Petroleum Development Oman to help create job opportunities for 21,000 locals

Above, a Petroleum Development Oman facility near Muscat. (Reuters)
Updated 21 March 2019

Petroleum Development Oman to help create job opportunities for 21,000 locals

  • ‘We aim to create 21,000 job opportunities in 2019, and we are confident that we can achieve that number’

DUBAI: State-owned Petroleum Development Oman expects to create 21,000 job opportunities for Omanis this year through the oil exploration and production company’s training opportunities and other undertakings.

“We aim to create 21,000 job opportunities in 2019, and we are confident that we can achieve that number. These are real opportunities that lead to direct employment once the training is completed,” Raoul Restucci, the managing director of PDO, told the Times of Oman.

“A lot of the opportunities we are promoting today exist outside the oil and gas sector, whether it be in tourism, manufacture or logistics. While some of these jobs will be created by PDO, many of the Omanis will be employed by other organizations once they complete their PDO funded on-the-job training.”

The prospective jobs would be spread across multiple sectors – from oil and gas, manufacturing, tourism to logistics – as PDO works with the government in pushing the Omanization agenda.

PDO’s Restucci noted the company has already created more than 5,000 job opportunities so far this year. Meanwhile, the Omanization rate for PDO has reached 81 percent and the company’s target is to reach 90 percent by 2020.

“… the oil and gas sectors are highly Omanized, and where you have expatriates, is where you have a gap in skills, or more likely, experience,” Restucci said.


Ericsson hit by higher 5G costs and weaker US market

Ericsson CEO Borje Ekholm. The company’s position as a leader in 5G has not protected it from costs associated with the technology. (Reuters)
Updated 29 min 9 sec ago

Ericsson hit by higher 5G costs and weaker US market

  • Ericsson’s adjusted quarterly operating earnings rose to 5.7 billion crowns ($600.2 million) from 2.6 billion a year earlier, but were down from 7.4 billion the previous quarter

STOCKHOLM: Sweden’s Ericsson reported a smaller-than-expected rise in fourth-quarter core earnings on Friday and said higher costs would spill over into 2020 as the telecoms equipment maker looks to exploit its leading position in super-fast 5G networks. Its shares fell more than 6 percent in early trading.
After a number of lean years, Ericsson has been boosted by the roll-out of 5G, particularly in the US.
But while 5G has helped sales, it has increased costs. Ericsson has also opted to take on strategically important clients to gain market share, betting a hit on margins in the short term will help to deliver longer-term profitability.
The company recently bought the antenna and filter business of German’s Kathrein to boost its 5G portfolio and said costs and investments related to the deal would weigh on margins through 2020.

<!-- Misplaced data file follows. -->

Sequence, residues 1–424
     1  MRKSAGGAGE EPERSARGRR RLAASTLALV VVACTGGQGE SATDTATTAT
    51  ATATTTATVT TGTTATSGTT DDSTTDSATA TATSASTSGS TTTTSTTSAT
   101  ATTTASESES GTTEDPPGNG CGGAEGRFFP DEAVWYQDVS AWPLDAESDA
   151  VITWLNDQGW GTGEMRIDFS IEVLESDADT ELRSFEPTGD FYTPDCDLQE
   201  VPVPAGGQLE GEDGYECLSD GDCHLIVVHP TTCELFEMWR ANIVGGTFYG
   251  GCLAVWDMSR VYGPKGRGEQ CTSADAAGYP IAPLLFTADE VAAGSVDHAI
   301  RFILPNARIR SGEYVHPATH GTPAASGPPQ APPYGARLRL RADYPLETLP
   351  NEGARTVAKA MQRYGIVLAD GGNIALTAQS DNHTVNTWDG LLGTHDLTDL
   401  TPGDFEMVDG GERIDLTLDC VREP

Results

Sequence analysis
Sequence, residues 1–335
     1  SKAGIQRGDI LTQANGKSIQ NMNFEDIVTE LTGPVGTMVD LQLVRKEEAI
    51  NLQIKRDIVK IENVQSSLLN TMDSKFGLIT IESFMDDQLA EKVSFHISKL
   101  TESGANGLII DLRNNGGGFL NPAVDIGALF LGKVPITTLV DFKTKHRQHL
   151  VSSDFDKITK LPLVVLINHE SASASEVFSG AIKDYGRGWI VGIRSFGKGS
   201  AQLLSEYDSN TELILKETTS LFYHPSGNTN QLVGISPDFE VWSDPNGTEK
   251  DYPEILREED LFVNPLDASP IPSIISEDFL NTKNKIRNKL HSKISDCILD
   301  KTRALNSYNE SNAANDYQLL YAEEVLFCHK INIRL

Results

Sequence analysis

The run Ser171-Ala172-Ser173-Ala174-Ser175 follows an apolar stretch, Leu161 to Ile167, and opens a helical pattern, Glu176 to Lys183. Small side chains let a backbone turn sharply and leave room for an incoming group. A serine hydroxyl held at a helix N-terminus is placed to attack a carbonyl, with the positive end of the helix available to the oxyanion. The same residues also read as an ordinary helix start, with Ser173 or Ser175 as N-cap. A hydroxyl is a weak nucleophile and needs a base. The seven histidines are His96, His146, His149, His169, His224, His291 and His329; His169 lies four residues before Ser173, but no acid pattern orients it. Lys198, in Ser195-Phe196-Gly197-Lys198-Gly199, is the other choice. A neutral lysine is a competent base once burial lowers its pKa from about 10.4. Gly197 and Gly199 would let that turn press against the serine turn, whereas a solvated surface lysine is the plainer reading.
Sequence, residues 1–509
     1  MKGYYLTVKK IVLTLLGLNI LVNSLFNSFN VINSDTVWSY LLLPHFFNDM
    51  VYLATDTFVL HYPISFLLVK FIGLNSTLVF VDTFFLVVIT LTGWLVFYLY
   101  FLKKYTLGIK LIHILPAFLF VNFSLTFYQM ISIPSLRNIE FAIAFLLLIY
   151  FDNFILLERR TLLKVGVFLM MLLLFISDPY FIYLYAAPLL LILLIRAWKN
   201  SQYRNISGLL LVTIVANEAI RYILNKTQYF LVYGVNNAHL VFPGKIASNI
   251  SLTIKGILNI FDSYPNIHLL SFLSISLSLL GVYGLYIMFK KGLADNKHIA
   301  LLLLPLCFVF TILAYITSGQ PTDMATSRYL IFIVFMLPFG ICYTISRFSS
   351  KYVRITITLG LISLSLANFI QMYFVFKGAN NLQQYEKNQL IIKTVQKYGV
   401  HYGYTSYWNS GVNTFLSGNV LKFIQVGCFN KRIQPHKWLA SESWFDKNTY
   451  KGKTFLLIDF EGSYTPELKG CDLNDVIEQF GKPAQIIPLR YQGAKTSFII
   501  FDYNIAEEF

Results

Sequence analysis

Increased investments in digitalization and more spending on compliance — after a $1 billion payment to resolve probes by US authorities into corruption — are also expected to mean somewhat higher operating costs in 2020.
Nevertheless, CEO Borje Ekholm said Ericsson was on track to deliver on its 2020 targets of an adjusted operating margin of more than 10 percent and sales of 230 to 240 billion ($25.1 billion) Swedish krona.
Ericsson is fighting rivals Nokia and Huawei to take the lead in the roll out of 5G networks, which are expected to host critical functions from driverless vehicles to smart electric grids and military communications.
That has led the US to blacklist Huawei and launch a worldwide campaign to try to persuade allies to ban the Chinese firm from their 5G networks, alleging its equipment could be used by Beijing for spying — which Huawei denies.

BACKGROUND

While the US is an early 5G adopter, China is expected to start its roll out this year and Western Europe after that.

The UK is expected soon to make a final decision on whether to allow Huawei equipment in its 5G mobile networks, while Germany may also rule on the matter during the spring.
North America has been the biggest market for 5G so far, boosting Ericsson’s sales, but the company said demand slowed in the fourth quarter as the proposed merger between Sprint and T-Mobile hit their spending.
“It was a significant impact in a small part of the market which means the quarter came out negative in North America,” Ekholm said. “But in general demand is very strong there.”
By 2025, the GSMA telecoms industry lobby group estimates operators globally will have spent $1 trillion building up 5G networks, offering a huge jackpot for the leading suppliers.
Ericsson’s adjusted quarterly operating earnings rose to 5.7 billion crowns ($600.2 million) from 2.6 billion a year earlier, but were down from 7.4 billion the previous quarter.